The forecast: Established brands will grow their direct-to-consumer (D2C) ecommerce sales nine times as fast as digitally native vertical brands (DNVBs) this year, per our D2C Ecommerce forecast.
- We expect DNVB ecommerce sales will grow just 1.8% this year, far short of the 10.0% forecast for overall ecommerce growth, because the digital ad-focused playbook no longer works given that venture capital has dried up at the same time that digital ad prices have skyrocketed.
- Yet there’s plenty of opportunity for DNVBs such as Warby Parker to adopt traditional retail strategies to fuel growth. For example, Warby Parker’s sales rose 12.2% year-over-year (YoY) in Q1 as it added six new stores. The eyewear maker also cut its losses by $23.3 million and grew its adjusted earnings before interest and taxes by nearly $17 million.
- Warby Parker plans to open 40 new stores in 2023 to help it grow sales 8% to 10% this year.
A shift in strategy: Warby Parker’s bottom-line gains stemmed in part from cutting its marketing spend 35% YoY. While that contributed to an 8% dip in its ecommerce sales, that was more than offset by a 28% jump in in-store sales, said Steve Miller, chief financial officer, during the company’s earnings call.
- The shift to physical retail makes sense given that stores serve as experiential billboards that also generate incremental revenues. Seventy-six percent of the company’s 204 stores offer eye exams, which helps boost its average revenues per customer.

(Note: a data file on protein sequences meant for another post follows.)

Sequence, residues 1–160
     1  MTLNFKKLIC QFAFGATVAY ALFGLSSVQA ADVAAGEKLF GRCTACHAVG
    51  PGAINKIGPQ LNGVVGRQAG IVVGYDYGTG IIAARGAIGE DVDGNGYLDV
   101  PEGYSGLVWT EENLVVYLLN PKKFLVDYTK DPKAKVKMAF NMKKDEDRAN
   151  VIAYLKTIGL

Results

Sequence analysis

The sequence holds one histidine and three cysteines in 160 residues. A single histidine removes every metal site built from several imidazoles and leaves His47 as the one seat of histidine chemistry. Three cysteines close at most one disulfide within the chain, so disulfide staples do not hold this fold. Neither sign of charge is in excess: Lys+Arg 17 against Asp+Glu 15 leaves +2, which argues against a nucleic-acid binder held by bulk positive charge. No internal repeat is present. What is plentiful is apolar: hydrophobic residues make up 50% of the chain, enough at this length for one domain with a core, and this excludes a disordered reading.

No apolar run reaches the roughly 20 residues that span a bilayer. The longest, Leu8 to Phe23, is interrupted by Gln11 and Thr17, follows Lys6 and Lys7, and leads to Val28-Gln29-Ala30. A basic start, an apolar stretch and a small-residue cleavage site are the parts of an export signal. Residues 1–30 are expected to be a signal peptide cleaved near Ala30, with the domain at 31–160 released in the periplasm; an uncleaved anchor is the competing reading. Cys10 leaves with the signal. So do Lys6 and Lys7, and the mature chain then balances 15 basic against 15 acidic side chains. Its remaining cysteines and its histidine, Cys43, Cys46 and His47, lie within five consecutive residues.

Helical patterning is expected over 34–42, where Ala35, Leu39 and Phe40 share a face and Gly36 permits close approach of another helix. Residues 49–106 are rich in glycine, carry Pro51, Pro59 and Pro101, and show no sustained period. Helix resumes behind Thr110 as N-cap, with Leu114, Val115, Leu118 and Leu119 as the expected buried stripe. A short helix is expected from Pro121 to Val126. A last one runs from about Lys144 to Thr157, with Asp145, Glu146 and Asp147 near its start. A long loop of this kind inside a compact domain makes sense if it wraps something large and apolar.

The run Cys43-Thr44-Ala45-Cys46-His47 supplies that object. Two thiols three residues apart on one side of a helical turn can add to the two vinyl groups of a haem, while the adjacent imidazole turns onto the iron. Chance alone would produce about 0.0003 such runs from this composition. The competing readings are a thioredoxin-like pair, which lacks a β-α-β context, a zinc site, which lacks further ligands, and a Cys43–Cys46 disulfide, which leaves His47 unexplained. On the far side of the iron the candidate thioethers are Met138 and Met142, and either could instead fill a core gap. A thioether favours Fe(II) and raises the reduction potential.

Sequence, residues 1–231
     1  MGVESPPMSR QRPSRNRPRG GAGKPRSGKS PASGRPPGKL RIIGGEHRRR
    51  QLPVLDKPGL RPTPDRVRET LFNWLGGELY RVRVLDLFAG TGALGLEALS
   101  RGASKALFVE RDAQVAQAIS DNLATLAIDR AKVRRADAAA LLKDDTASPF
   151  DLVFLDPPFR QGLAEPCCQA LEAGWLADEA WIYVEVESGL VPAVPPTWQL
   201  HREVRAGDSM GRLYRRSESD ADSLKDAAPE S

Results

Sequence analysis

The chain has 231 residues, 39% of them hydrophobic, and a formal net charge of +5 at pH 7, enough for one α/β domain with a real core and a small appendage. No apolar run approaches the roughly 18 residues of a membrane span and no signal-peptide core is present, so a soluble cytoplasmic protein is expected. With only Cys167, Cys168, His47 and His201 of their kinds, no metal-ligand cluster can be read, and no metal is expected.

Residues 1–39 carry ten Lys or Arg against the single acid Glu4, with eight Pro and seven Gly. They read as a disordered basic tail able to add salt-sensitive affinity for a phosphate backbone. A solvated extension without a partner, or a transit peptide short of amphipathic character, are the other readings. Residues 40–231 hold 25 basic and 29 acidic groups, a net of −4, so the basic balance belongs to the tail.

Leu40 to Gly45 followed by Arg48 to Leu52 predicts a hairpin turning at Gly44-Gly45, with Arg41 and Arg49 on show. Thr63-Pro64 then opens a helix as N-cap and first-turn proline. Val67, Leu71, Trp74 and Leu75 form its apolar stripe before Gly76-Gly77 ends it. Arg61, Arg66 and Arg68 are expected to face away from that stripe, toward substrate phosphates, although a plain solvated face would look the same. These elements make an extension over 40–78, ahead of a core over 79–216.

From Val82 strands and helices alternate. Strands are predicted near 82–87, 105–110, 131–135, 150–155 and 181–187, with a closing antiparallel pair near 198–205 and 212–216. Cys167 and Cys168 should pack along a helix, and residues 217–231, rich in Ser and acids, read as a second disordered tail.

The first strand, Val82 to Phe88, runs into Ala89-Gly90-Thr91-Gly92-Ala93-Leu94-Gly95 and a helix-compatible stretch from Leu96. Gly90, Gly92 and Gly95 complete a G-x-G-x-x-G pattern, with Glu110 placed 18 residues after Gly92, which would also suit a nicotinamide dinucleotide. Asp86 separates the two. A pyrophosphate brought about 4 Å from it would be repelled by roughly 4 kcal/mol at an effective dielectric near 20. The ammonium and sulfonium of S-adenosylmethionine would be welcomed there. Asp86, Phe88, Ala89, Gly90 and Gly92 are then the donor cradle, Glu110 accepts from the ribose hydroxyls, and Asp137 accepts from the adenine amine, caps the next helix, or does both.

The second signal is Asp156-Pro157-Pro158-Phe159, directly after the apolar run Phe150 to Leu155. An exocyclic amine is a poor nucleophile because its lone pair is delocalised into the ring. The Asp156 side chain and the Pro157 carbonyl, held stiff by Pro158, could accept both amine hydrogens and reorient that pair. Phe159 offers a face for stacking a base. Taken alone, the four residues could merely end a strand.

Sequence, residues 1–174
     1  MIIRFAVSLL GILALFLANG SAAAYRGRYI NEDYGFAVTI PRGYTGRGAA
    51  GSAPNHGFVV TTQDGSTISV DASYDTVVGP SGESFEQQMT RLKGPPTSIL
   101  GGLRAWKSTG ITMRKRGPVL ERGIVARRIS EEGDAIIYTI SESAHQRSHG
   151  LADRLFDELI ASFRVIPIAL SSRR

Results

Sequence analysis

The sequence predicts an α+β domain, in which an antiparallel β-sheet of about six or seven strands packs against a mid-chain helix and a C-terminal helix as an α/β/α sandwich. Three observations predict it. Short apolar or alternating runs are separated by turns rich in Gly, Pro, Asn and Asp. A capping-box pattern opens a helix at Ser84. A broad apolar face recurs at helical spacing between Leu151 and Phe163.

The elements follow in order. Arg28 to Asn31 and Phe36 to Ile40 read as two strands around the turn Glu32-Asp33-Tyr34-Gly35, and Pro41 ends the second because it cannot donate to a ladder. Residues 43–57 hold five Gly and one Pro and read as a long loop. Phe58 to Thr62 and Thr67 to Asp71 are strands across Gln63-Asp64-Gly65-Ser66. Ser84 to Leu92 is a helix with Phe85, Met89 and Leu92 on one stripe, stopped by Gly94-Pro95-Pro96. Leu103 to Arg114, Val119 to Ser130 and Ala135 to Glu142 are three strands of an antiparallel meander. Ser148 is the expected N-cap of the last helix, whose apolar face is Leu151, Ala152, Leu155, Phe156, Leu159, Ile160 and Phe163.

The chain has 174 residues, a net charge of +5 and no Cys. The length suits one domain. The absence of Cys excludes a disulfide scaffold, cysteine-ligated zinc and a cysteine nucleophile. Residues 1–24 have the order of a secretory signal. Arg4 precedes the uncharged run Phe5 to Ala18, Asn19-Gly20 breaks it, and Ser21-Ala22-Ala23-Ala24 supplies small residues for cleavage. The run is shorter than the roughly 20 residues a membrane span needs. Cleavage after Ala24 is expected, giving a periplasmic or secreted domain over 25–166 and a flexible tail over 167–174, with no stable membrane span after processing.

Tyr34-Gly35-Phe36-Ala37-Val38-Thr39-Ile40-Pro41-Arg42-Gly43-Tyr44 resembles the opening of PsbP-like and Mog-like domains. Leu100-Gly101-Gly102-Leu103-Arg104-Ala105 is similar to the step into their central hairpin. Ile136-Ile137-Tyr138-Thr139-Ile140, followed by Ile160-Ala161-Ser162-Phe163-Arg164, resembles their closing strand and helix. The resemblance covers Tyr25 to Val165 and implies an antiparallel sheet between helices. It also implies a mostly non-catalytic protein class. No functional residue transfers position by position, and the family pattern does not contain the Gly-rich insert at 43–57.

- Warby Parker sees an opportunity to open over 900 stores in the US, said CEO Dave Gilboa.
- While fellow DNVB Allbirds saw its Q1 sales drop 13.4% YoY, that was far better than the 28% decline analysts had expected, particularly given that it reduced its marketing spend by 16.7% largely due to a pullback on digital ads.
- Allbirds is in the midst of a “transformation” plan. This includes refocusing on its core products and customers to grow loyalty and lifetime value while slowing its brick-and-mortar expansion in favor of expanding wholesale revenues via partnerships with retailers such as Dick’s Sporting Goods, Nordstrom, and REI.
The big takeaway: There are multiple paths to growth and what works for one DNVB brand may not work for another.
- While stores enable Warby Parker to drive incremental sales via services, they were a costly burden for Allbirds due to the stiff competition in its category.
- Given that there are so many shoe brands, Allbirds is wise to differentiate its brand to appeal to its core customer via products such as M0.0NSHOT, which it bills as the world's first zero-carbon shoe. And deepening its ties with prominent retailers could also help it build brand awareness and sales while cutting down on expensive physical retail investments.
Go further: Read our D2C Brands 2023 report.